TRUST IN THE NEW SCIENCES: Remaking the Human
The Canadian Centre for Ethics in Public Affairs (CCEPA) and the Situating Science Knowledge Cluster sponsored a national lecture series that explored the ethical and social questions that emerge from a critical examination of the "New Sciences" (e.g., the neurosciences, nanotechnologies, genomics).
OCTOBER 13 | HALIFAX | UNIVERSITY OF KING'S COLLEGE
Are we on the verge of an age when we can re-engineer the human being at will and according to our own human designs? Does 'nature' no longer set the limits on what kinds of persons - with what kinds of minds and bodies - we can become? We should beware speculation and hubris. But something is happening as advances in biology and biomedicine open our vital processes to a molecular gaze, and re-render life as mechanism. At the same time our hopes and fears about how we should live have come to centre upon a sense of ourselves as embodied - and embrained - individuals. Biomedical experts have become central to the management of our lives, repositories of trust and distrust, hope and disappointment. In this lecture, taking examples from biomedicine, genomics and neuroscience, I will consider the implications for the ways we understand and govern ourselves and the new dilemmas of rights and obligations that confront us.
Keynote: Dr. Nikolas Rose Director, BIOS Centre, London School of Economics
JANUARY 26 | VANCOUVER | UNIVERSITY OF BRITISH COLUMBIA
The impact of revolutionary advances in genetics and genomics is being felt in all aspects of society. For each of us, the prospect of knowing our own DNA sequence has been proposed to influence our lives in every way, from choice of partner to response to medications. Is this hope or hype? How do our Canadian roots and culture influence our own experience and relationship to the genetic revolution?
Keynote: Dr. Michael Hayden - Canada Research Chair in Human Genetics and Molecular Medicine, University Killam Professor, Department of Medical Genetics
Respondent: Dr. Anita Ho - Assistant Professor, W. Maurice Young Centre for Applied Ethics, UBC Director, Ethics Services, Providence Health Care
MARCH 2 | TORONTO | UNIVERSITY OF TORONTO
We often hear that nanotechnology will soon transform everyday life - including the human body itself. This lecture will examine the technical claims and the speculative visions currently attending to the impact of nanotechnology on human biology. By focusing on the work of specific researchers involved in some of the most ambitious programs for augmenting or altering human biology at the molecular level, we will begin to better understand the pivotal roles that speculation and futuristic visions play in guiding the evolution of the new sciences. Moreover, we will begin to see ways that we might proactively intervene in the radical remaking of the body under the regime of nanotechnology - a process that we might call "nanomorphosis."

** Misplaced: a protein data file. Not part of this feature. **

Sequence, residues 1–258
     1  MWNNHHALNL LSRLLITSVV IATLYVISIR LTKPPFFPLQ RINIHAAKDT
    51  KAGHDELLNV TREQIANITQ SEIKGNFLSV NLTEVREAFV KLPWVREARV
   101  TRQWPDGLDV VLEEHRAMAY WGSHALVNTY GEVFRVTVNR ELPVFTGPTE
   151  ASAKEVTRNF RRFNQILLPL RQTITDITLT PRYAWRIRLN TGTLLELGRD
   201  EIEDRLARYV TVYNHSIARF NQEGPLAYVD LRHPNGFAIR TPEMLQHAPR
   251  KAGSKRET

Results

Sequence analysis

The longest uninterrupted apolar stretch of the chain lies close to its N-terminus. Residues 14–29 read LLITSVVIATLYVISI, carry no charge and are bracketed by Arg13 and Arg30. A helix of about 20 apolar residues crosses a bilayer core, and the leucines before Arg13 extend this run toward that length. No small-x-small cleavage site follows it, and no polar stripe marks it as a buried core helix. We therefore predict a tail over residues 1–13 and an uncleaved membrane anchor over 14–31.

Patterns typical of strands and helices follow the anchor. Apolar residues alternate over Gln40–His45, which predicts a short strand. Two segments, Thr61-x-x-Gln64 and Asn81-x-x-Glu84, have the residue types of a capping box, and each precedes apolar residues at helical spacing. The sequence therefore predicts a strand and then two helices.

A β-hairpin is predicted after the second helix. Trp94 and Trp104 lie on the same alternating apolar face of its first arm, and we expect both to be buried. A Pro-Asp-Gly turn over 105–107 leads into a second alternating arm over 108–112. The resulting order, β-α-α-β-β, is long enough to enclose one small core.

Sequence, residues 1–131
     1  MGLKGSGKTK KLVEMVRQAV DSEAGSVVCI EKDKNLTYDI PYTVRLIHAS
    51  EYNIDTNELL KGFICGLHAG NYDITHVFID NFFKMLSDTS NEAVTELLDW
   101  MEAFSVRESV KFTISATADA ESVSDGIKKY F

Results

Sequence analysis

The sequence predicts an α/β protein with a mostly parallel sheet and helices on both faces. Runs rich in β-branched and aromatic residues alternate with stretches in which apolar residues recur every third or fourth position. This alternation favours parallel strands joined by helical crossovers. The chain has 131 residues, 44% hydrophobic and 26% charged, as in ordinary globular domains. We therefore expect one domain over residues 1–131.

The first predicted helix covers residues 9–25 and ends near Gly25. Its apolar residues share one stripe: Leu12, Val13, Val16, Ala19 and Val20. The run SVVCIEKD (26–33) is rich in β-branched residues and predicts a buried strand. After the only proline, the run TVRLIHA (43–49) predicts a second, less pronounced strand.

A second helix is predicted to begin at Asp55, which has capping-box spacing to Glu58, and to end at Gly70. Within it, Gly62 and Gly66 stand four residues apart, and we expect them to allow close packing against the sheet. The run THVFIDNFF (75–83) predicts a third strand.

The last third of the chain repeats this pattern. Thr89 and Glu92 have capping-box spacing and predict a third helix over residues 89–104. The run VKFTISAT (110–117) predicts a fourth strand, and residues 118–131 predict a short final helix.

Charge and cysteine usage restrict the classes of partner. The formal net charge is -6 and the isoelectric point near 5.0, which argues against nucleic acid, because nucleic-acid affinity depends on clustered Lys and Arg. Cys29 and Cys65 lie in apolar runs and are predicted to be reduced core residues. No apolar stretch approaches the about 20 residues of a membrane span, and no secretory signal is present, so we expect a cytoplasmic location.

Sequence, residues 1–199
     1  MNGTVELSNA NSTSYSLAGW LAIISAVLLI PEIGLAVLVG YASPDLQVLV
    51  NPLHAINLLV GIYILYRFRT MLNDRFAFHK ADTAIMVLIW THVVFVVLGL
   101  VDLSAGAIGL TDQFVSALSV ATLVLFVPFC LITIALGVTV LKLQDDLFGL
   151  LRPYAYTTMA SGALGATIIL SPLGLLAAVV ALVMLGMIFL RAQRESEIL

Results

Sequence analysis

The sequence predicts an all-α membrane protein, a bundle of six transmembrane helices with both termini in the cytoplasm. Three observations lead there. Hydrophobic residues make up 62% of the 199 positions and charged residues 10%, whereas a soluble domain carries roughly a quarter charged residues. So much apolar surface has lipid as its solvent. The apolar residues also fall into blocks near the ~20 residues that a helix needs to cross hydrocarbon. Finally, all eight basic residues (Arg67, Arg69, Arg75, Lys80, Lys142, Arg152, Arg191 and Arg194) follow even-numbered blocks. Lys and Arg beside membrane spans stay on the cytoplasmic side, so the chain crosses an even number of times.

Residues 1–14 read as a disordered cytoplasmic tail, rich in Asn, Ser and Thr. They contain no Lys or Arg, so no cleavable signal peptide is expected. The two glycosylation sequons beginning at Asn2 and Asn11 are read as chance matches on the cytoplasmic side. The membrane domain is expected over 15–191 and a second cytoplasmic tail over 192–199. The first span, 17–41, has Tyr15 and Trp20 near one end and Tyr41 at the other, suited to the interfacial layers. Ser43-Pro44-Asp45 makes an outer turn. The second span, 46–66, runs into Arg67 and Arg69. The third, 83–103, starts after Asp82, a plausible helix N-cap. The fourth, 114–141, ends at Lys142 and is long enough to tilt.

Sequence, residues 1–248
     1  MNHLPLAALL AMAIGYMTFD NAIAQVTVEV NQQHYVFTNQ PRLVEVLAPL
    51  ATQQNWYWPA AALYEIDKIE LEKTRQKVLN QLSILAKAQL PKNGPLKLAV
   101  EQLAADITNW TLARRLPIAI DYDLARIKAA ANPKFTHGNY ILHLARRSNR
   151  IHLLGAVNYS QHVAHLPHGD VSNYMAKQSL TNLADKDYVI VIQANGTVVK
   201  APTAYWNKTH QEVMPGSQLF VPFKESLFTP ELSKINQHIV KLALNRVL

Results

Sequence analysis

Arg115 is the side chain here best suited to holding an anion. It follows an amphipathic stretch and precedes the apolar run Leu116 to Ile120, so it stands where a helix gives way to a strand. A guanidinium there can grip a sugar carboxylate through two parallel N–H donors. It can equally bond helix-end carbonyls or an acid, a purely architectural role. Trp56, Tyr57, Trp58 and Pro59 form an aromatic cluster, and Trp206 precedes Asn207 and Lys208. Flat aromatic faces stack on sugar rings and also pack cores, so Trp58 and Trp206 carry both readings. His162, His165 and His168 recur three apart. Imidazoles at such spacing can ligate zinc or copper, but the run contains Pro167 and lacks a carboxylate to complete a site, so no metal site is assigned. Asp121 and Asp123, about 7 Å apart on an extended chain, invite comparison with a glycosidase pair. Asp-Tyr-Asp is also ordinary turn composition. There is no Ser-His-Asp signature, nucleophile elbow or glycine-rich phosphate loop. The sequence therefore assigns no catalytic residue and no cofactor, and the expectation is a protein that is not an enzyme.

Keynote - Dr. Colin Milburn - Associate Professor, Department of English and Program in Science & Technology Studies University of California, Davis
MARCH 11 | MONTREAL
Understanding the brain and the biological basis of mind, consciousness and behaviour is the ultimate challenge. It stimulates researchers to look into the brain with ever more sophisticated technology such as functional neuroimaging. This colourful visualization of mental processes in the living human brain enthrals scientists and the public alike.
The neurosciences have made enormous progress over the last decades and provide ever more fascinating insights into our cognitive as well as emotional and social operations. While some hail this as the imminent advent of a definitive understanding of our mental apparatus, and conclude we should align our social institutions with forthcoming neuroscientific evidence, others warn against a brave new world of thought control, mind reading and manipulation.
Rather than debating the value of particular insights from the neurosciences, this talk will look at the incredible dynamics of pushing our theorizing about the mind in new directions, while opening more ways for intervening into the brain. Currently, nature and culture coalesce in this field of research without reducing one to the other. Are we witness to the opening of a new chapter in human evolution?
Keynote - Dr. Cornelius Borck - Professor and Director, Institute for the History of Medicine and Science Studies, University of LŸbeck, Germany
APRIL 1 | EDMONTON | UNIVERSITY OF ALBERTA
Talk about the role of genes in human nature has been plagued by several kinds of linguistic uncertainty ever since the origin of genetics. When the word gene was first introduced in 1909, it served as little more than a place marker, a name for the presumed unit of inheritance. But one source of confusion, conflating genes and mutations, set in at the very start. What is a gene? A gene is a difference maker. Yet virtually all geneticists also assumed that genes are trait makers. To this day, conflation between genes and mutations, between trait makers and difference makers, remains endemic. To be sure, the meaning of the term gene has undergone many transformations over the course of the century, not to mention proliferation. Furthermore, the status of genes as trait makers has come under severe challenge, as has the status of genes as difference makers. But it is the confusion between the two, and the place of that confusion in our understanding of human nature, of what is natural and what is unnatural, that will be the topic of my lecture.
Keynote: Dr. Evelyn Fox Keller
Respondent: Tim Caulfield - CRC, joint position in Law and Public Health
This lecture series is supported by: Situating Science, CIFAR, Dalhousie University, Evolution Study Group, Genome Atlantic, Genome BC, McGill University, University of Alberta, University of King's College.
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